America’s political polarization makes teaching civics feel like navigating a minefield these days. Wary of upsetting parents or students, instructors may be looking more toward the elections of the 19th century than those of the 21st.
While historical events are essential to students’ understanding of modern governance, it is equally important that civics or history teachers embrace modern politics in their classrooms. But how do we do that in such polarized times? Start by keeping these points in mind:
In a 2011 article for the American Bar Association Review, author Mark Hansen explained that people in the 18-25 age range have significantly lower rates of political participation than their parents or grandparents. And they have large gaps in content knowledge surrounding civics.
While the Nation’s Report Card shows an increase in civics understanding since its assessments began in 1998, it shows no positive change since its 2010 assessment. Currently, only about 23 percent of students show basic proficiency in civics and government education. This means significant numbers of students leave high schools unprepared to navigate the complex political space of adulthood.
While historical examples can help teach students civics, it’s much more important to use immediate current, and even local, political issues to help students apply their learning about government to their own lives. Giving students real-world examples and problems in a civics arena can help attach meaning to the concepts they are learning.
Still, this might lead to potential landmines: Students disagree on politics because the modern political environment is so divisive, while instructors fear student conflict, parental involvement or even district censorship. Arguments can shut down classes and inhibit learning, while popular political positions can marginalize students who hold unpopular views.
No matter how “like-minded” a school’s student body may seem, civics instructors must work hard to address polarization and account for opposing views.
The Southern Poverty Law Center started an education group called Teaching Tolerance to deal with the challenge that “like-mindedness” can lead to isolation that breeds close-mindedness. Like-minded thinking also erodes what SPLC calls “political friendship” — a sincere belief that those who hold different beliefs are still basically good.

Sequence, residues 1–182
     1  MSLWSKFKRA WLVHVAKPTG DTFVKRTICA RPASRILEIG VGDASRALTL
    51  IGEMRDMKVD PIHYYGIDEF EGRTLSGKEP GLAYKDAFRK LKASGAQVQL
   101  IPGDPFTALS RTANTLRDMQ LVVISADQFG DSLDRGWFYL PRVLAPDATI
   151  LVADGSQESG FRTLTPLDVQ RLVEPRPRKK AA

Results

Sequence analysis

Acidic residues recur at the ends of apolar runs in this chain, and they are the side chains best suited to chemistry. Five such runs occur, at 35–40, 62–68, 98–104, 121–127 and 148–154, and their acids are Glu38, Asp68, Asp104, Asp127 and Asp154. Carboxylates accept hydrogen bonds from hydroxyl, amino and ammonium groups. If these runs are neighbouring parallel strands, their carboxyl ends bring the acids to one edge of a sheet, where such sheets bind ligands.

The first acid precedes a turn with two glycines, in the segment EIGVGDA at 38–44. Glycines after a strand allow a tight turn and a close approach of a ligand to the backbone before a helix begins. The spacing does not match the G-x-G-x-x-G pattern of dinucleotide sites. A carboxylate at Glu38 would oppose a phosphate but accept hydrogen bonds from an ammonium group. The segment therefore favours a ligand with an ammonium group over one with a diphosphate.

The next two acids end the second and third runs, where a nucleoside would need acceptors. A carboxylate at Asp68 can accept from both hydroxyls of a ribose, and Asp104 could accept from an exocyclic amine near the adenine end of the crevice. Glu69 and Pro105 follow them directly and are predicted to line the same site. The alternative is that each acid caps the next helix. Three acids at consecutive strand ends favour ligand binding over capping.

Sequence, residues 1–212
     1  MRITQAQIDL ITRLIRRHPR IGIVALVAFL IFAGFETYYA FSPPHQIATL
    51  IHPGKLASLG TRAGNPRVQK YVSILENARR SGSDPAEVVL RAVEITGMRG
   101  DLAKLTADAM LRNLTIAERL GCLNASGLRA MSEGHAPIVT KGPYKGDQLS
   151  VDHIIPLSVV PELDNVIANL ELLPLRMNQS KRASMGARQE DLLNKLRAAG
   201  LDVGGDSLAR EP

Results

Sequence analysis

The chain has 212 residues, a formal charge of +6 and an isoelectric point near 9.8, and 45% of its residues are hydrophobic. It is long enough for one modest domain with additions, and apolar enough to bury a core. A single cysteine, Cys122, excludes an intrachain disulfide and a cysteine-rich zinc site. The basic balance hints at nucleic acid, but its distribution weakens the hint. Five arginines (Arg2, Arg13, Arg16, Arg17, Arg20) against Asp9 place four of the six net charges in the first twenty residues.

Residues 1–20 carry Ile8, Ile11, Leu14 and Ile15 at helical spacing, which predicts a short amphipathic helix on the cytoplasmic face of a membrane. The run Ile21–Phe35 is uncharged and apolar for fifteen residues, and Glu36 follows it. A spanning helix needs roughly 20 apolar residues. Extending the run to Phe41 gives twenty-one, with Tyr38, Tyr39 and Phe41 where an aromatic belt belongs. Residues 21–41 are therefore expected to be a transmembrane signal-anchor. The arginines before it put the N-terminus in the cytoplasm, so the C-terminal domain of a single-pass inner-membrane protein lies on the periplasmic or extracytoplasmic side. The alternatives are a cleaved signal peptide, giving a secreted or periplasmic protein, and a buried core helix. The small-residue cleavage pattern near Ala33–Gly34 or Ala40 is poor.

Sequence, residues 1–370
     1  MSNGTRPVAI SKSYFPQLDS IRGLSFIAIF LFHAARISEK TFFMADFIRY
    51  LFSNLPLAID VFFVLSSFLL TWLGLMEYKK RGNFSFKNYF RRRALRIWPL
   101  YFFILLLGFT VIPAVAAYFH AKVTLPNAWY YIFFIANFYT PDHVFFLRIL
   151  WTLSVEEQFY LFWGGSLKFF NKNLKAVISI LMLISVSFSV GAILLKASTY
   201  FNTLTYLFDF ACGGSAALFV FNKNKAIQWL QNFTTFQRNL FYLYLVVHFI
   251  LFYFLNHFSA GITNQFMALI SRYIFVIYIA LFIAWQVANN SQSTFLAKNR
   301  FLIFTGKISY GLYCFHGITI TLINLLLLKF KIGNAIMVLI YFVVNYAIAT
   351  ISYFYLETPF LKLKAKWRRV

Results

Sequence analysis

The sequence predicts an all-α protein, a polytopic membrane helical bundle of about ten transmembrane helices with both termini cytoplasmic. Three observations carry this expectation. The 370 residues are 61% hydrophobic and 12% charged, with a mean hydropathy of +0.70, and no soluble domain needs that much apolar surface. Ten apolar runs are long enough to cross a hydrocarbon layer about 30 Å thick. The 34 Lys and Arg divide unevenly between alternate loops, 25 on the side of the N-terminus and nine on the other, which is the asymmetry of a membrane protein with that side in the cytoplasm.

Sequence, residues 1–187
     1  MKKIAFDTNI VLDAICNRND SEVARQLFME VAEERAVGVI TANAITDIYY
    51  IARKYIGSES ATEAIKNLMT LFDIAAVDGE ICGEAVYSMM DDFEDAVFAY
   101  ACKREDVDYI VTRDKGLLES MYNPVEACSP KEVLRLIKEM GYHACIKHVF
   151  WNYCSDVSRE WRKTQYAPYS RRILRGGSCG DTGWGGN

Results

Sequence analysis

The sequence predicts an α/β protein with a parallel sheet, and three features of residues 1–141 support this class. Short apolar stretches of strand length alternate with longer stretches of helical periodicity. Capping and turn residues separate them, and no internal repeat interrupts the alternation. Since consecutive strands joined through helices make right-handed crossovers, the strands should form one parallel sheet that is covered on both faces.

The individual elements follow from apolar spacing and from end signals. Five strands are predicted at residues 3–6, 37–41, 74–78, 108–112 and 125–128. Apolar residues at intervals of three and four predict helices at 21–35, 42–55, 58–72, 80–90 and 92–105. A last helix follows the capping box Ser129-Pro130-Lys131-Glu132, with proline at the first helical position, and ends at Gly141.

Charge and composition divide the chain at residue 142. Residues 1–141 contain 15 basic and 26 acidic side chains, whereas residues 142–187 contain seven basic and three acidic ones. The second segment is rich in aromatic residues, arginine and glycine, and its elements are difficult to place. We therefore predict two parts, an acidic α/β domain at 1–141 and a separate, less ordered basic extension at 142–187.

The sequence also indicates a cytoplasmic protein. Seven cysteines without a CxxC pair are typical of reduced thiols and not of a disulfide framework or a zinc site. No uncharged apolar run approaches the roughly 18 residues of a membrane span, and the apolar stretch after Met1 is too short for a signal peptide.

What to do, then? Consider using modern civics stories and encouraging students to practice radical empathy, which gets to the heart of differences of opinion while working against judging people as good or bad. As students learn the values and principles that drive different populations, they can increasingly differentiate people from ideas.
This does not come without effort. As Spiderman and Voltaire taught us, with great power comes great responsibility. In their piece “Teaching Civics in a Time of Partisan Polarization,” Peter Levine and Kei Kawashima-Ginsberg understand that instructors must be “even-handed, sensitive to the diverse backgrounds of their students, well informed and prepared.”
They encourage educators to help guide students through these polarized discussions by preparing them with good argumentation skills, using evidence and rhetorical awareness. Teaching students about confirmation bias and the basic requirements of argument can help them intellectualize what might be solely an emotional issue for them.
Before difficult discussions, I often tell my students, “You are safe, but your arguments are not.” This helps show students that one of the jobs of academic discourse is questioning and challenging our assumptions as much as we challenge those we disagree with.
Teaching Tolerance recommends that historical trends and the development of modern ideologies be folded into discussions about modern topics. Directly addressing the roots of polarization can help students contextualize the polarization of current events and examine how historical trends relate to what’s happening now.
These sorts of discussions aren’t limited to a civics or social studies classroom either. As students see civic-minded problems and queries in their other courses, from science to math to music or arts, they can begin to recognize the importance of civic participation and how it may directly affect their schools, teachers or classmates.
While wading into discussions of modern politics can be scary territory, instructors should recognize that doing so carefully and with deep respect for the beliefs and capabilities of their students can pay off in their future participation in democracy. Along the way, this work can help enhance political friendship and create collaborators instead of name-callers.
Monica Fuglei is a graduate of the University of Nebraska in Omaha and a current faculty member of Arapahoe Community College in Colorado, where she teaches composition and creative writing.